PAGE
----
Safeguard wildlife from aflatoxins in grain
Tuesday, September 21, 2021
Media Contact: Donald Stotts | Agricultural Communications Services | 405-744-4079 | email@example.com
Property owners who put out grain to attract wildlife species need to make sure the bait does not contain aflatoxins, said Dwayne Elmore, Oklahoma State University Extension wildlife management specialist.
High aflatoxin levels can create health issues in wildlife as well as livestock, such as immune-response problems that can increase susceptibility to disease and liver failure. The chemicals also can cause reproductive issues, such as wild turkeys laying fewer eggs.
The Aspergillus fungus that produces aflatoxins occurs naturally in the soil and may be transported to grain crops by wind or insects.
“Environmental stresses such as high temperatures, drought conditions and insect infestation can damage grains and make them susceptible to aflatoxin contamination,” Elmore said. “Use thoughtful purchase, storage and feed-dispersal practices to reduce the risk of toxicity in wildlife.”
Elmore recently provided additional insights about wildlife and aflatoxin-infected grains on the agriculture television show SUNUP. An OSU Extension fact sheet about aflatoxins and wildlife is available online.
OSU Extension recommendations for purchasing grain as wildlife bait include the following:
- Avoid grains with visible signs of mold growth, which might be an indicator that aflatoxins are present.
- Do not buy grains that are clumped together as this may indicate the initial stages of mold growth.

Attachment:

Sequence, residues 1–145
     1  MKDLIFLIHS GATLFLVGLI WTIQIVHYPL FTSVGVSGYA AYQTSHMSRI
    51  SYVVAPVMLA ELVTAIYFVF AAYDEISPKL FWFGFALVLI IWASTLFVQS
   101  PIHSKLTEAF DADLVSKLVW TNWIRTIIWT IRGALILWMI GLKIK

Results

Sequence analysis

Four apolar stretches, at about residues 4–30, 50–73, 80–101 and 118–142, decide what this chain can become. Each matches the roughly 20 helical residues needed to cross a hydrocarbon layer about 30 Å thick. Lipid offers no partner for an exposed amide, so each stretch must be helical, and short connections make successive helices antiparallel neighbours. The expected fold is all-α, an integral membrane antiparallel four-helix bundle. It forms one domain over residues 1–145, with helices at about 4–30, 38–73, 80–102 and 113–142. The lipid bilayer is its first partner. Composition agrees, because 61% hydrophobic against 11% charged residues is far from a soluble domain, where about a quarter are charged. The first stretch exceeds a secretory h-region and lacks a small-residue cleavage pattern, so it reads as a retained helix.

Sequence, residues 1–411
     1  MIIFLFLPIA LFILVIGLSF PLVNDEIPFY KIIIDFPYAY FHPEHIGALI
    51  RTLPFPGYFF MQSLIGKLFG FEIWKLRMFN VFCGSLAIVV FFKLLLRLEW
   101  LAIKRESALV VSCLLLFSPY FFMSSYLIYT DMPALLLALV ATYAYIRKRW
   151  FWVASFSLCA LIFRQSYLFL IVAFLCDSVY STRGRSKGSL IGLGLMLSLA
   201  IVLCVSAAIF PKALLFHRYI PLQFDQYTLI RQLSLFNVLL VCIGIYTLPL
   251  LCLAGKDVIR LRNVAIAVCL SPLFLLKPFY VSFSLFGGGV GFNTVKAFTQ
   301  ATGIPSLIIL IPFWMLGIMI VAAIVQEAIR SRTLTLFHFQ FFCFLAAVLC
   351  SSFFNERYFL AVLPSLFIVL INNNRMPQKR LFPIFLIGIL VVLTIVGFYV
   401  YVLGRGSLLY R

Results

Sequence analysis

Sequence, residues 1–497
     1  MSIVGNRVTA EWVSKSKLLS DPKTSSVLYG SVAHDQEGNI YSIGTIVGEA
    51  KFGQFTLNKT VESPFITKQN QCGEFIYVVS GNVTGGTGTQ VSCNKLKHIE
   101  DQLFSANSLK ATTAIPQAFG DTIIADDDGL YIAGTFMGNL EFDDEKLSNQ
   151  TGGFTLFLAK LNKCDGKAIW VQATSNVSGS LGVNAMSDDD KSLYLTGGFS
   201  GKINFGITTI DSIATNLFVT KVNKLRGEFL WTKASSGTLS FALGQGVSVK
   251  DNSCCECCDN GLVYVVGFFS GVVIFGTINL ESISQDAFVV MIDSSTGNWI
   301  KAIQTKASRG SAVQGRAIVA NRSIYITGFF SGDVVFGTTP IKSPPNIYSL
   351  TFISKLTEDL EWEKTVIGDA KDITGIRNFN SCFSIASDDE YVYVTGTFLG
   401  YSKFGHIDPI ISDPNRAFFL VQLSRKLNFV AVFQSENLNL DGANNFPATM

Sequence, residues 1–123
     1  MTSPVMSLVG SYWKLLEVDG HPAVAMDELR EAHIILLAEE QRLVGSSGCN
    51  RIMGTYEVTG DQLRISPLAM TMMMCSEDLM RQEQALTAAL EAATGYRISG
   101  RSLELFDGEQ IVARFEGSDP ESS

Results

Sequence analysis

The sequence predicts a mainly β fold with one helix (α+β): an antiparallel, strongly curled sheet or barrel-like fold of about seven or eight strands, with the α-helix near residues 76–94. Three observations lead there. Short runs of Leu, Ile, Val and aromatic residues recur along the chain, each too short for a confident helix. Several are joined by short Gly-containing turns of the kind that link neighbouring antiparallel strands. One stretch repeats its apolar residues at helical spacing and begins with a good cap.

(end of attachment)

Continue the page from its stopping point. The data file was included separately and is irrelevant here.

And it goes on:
- Always purchase grain from reputable dealers, taking care to avoid damaged or waste grain.
- Only purchase grain planned for use in the immediate future.
“A reputable grain dealer should be able to tell a buyer about the levels of aflatoxins present in a product,” Elmore said. “Ask and make sure. Be aware most grains packaged specifically for wildlife are not tested as rigorously as those for consumption by livestock.”
Avoid storing bait grain for an extended period. Aflatoxin contamination increases with length of time, regardless of how it is stored. Stored grain must be kept dry. Temperature fluctuations can cause condensation within a storage container. Check the grain regularly and often. Dispose of any grain where mold is beginning to form or insect contamination is evident.
Feeding should be limited to times when temperatures are below 60 degrees and should not be conducted when rain or high humidity is expected. Use grain sorghum or milo rather than corn, which has a higher risk of aflatoxin build-up. Never refill grain without first emptying, cleaning and fully drying the feeders.
“It’s a good idea to review whether supplemental feeding of wildlife is actually meeting the property owner’s management objectives,” Elmore said. “The practice inherently has other risks associated with it, such as increased potential for disease transmission and increased predation.”
Property owners may want to take advantage of alternatives to baiting with grains. For example, white-tailed deer can be fed protein pellets.